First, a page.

Since 1980, Skyward has been serving the K-12 administrative software needs of school districts. Today, Skyward’s School Management Systems™ are found in more than 1,300 school districts throughout the United States and internationally. Skyward’s School Management System™ represents an integrated student and financial management software system designed to keep administrators, educators, and families connected.


U.S. strategy on swine flu under revision

The Obama administration is finalizing guidelines that would scale back when the federal government recommends closing schools in response to the swine flu pandemic, reports the Washington Post. More targeted guidance would mark a change in the government’s approach from this spring, when health officials suggested that schools shut down at the first sign of the H1N1 virus. They later relaxed that advice. This fall, federal authorities would recommend closures only under "extenuating circumstances," such as if a campus has many children with underlying medical conditions, a senior U.S. health official involved in the talks said. The official added that discussions are continuing and that no decision has been made. Schools also might be advised to close if many students or staff members are already sick or otherwise absent, officials said. "The framework is to try to keep schools open to the extent possible," the senior health official said. School closings this past spring raised questions about whether they slow the spread of H1N1 and are worth the educational and economic cost. The federal government’s decision could have a far-reaching effect on tens of millions of Americans, the economy, and other countries wrestling with similar choices…

Click here for the full story


What’s The Best Blogging Software ForYou And Your Business?



With blogs seemingly showing up all over the internet, many people want to jump on board as fast as they can. You may be one of those people. You may just want a way to polish your writing skills, or perhaps you even have thoughts of some day putting a little extra walking around money in your pocket. No matter what your reason, you likely want to know where it is you should start in your blogging. Well, first of all you are going to need some sort of blogging platform or software to create your blog in the first place. There are hundreds of options out there, so what you need to do is choose the blogging software that is best for you. Here are some tips on what to look for to get the best blogging software for you.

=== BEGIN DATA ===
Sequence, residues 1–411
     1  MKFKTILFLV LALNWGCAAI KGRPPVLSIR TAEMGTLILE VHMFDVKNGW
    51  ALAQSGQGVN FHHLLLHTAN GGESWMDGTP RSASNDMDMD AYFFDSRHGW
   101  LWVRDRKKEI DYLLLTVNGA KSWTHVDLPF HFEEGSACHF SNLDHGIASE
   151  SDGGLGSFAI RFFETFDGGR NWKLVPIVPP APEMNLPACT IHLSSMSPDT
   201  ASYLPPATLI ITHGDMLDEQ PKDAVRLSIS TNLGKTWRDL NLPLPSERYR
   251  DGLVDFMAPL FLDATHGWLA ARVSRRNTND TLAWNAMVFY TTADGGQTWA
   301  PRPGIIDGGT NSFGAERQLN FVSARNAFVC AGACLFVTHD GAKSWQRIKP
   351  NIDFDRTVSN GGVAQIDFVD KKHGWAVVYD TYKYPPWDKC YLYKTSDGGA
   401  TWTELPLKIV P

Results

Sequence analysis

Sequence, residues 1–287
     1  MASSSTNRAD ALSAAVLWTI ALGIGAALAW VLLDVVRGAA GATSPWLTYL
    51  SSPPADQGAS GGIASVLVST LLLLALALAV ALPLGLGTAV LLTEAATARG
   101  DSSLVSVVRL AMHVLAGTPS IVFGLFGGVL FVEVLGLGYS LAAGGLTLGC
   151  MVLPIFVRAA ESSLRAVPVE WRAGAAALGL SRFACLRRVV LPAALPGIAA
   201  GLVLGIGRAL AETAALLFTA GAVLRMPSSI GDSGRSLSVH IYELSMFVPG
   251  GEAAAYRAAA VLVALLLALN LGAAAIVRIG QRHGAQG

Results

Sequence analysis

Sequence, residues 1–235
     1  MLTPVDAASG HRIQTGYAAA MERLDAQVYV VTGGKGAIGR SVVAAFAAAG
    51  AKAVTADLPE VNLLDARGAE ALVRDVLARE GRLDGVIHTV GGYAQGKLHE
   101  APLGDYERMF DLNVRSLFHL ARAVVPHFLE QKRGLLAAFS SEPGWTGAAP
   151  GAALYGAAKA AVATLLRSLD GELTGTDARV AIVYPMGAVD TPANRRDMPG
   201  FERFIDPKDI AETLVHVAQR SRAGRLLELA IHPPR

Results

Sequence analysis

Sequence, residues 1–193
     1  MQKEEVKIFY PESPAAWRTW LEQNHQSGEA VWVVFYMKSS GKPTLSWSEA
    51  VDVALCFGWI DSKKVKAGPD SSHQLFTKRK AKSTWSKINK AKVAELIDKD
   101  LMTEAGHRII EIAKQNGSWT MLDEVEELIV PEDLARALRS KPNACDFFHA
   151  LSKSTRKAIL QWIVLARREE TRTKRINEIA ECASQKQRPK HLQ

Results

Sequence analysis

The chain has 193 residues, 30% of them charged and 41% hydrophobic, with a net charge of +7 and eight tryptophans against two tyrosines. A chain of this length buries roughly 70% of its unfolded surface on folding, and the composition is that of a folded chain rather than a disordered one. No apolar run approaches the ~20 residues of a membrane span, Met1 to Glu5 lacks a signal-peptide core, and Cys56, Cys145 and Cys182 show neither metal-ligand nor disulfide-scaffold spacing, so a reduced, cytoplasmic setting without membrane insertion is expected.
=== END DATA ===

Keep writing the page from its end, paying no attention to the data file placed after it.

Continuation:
First of all you have to make a decision on what the reason for your blogging is. Are you doing it to try and earn some extra money, to record your own daily reflections, to polish your writing style, or for some other reason? The reason you are doing it will have a lot to do with what you want to accomplish with the site. For instance, if you are doing it only for personal reasons, then you may just want to seek out the first free blog hosting website you can find that you like. On the other hand, if you are doing it to earn money you may be much pickier about what you want in terms of blogging software. You might want the blog on your own site, or on a site where they help you promote it. No matter what the reason ends up being, it is that which will most affect your choice of blogging software and which one is best for you.


Secondly, once you know why you are blogging, you need to figure out exactly which features are going to be most important to you on your blog. Are you going to want to be able to post pictures? Or are you just going to be typing text as your content? You may also want to look at what tools are available like the ability to link, or to archive your posts. Once you know why you are blogging and what type of blogging you want to do you are that much closer to knowing what you need in blogging software. Keep in mind, though, that the more features that you are getting with your blogging software the more you will likely pay for that software. So, you must decide early on what you need and don’t need.


Third, once you know why you want to blog and with what features you want to blog, it is time to start seeking out software. It is available all over the internet and even in computer stores now. You may first want to do a search because often times you can find web hosting and domain name registration software that will include blogging software applications with it. If you want to blog just to blog, then you may want to look at some of the free applications that allow you to just create a free account and then immediately begin blogging. On the other hand, if you want something on a website you have already established, and then look at software that may exist directly on your computer or through your hosting company. Much of it goes back to the first tip: know why you want to blog.